Norton: We’ve considered making single-player or multiplayer only shooters, but it really depends on the design of the game. While it’s hard to make a shooter that has both good single-player and multiplayer components, it’s also hard to make a single-player-only experience that has 10+ hours of quality entertainment. Not every shooter design is honestly going to be fun in a narrative campaign for more than 4 or so hours, so you need a core design that’s deep enough to keep players engaged until they feel they’ve passed their magic ‘value’ bar.
Half a decade ago, you saw more multiplayer-only shooters, back when the shooter audience was primarily a hardcore PC audience. But the Achilles heel of multiplayer-only shooters is that they generally don’t cast a wide net and pickup the casual players, which is the segment that’s been growing the most over the past half-decade on consoles. As a result, you see more single-player-only, or single-player-focused shooters in development than multiplayer-only or multiplayer-focused shooters.
TEM: What is it like having a studio in Houston? Austin is usually the Texas hotbed mentioned most for game development. What is the game dev community like in Houston?
Norton: Houston’s a great place to live, although we’re just off to the Southwest in a city called Sugar Land, TX. It’s pretty flat here since we are on the coast, but it has a great set of highways and there is a lot of cultural diversity in the city. It’s a very affordable city in which to live, much like the rest of Texas, so we really enjoy it. Plus we have great Tex-Mex and BBQ restaurants all over the place. Being the only AAA developer in the 4th largest city in the country was at first a liability for TimeGate – now it is a huge asset of ours.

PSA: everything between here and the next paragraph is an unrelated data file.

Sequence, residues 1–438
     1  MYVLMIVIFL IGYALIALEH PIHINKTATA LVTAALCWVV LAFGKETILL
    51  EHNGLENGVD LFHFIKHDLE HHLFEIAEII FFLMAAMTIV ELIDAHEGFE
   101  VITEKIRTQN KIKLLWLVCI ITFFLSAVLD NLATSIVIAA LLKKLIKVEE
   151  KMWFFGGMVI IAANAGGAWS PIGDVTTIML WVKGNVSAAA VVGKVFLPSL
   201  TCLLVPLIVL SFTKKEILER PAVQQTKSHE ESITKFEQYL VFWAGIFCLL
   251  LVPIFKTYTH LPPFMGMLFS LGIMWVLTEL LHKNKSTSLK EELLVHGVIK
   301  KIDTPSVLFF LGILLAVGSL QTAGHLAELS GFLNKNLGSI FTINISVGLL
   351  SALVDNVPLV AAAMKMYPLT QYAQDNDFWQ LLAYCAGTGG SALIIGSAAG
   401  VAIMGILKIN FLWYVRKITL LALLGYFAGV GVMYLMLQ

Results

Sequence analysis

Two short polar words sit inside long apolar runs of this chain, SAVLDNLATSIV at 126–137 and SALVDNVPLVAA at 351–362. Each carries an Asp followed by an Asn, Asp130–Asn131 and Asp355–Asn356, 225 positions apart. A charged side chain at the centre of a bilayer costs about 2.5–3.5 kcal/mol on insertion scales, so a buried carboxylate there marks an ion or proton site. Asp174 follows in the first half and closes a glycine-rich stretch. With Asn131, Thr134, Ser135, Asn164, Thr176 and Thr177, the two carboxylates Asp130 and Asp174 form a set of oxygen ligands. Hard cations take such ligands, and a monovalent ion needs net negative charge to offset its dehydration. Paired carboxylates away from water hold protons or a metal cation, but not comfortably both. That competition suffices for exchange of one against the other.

The development community is very small in Houston, with TimeGate and a few other small developers making up the dev teams. However, game development programs have started to grow in surrounding schools, such as the University of Houston, which provides a TimeGate a great opportunity to work with students and staff to develop skills and cultivate innovation in the gaming industry not only locally, but on the global level as well.
TEM: What is next for TimeGate? Can we expect more Section 8 sequels or are you cooking up another IP? Will you ever return to your RTS roots?
Norton: We’re already hard at work on our next game, but we can’t really discuss it yet. I can also state that we haven’t closed the book on the Section 8 universe just yet, but at the same time, I can’t confirm we’re working on another Section 8 game. You’ll just have to wait and see what we announce next!
As far as the RTS roots, we’d love to, but it’s not our focus right now. We’ve toyed around with a few ideas for new Kohan RTS games, over the years, and we continue to do so. I’d love to see a new Kohan game myself, as I generally love any kind of squad or company-based strategy game, so there’s always a chance!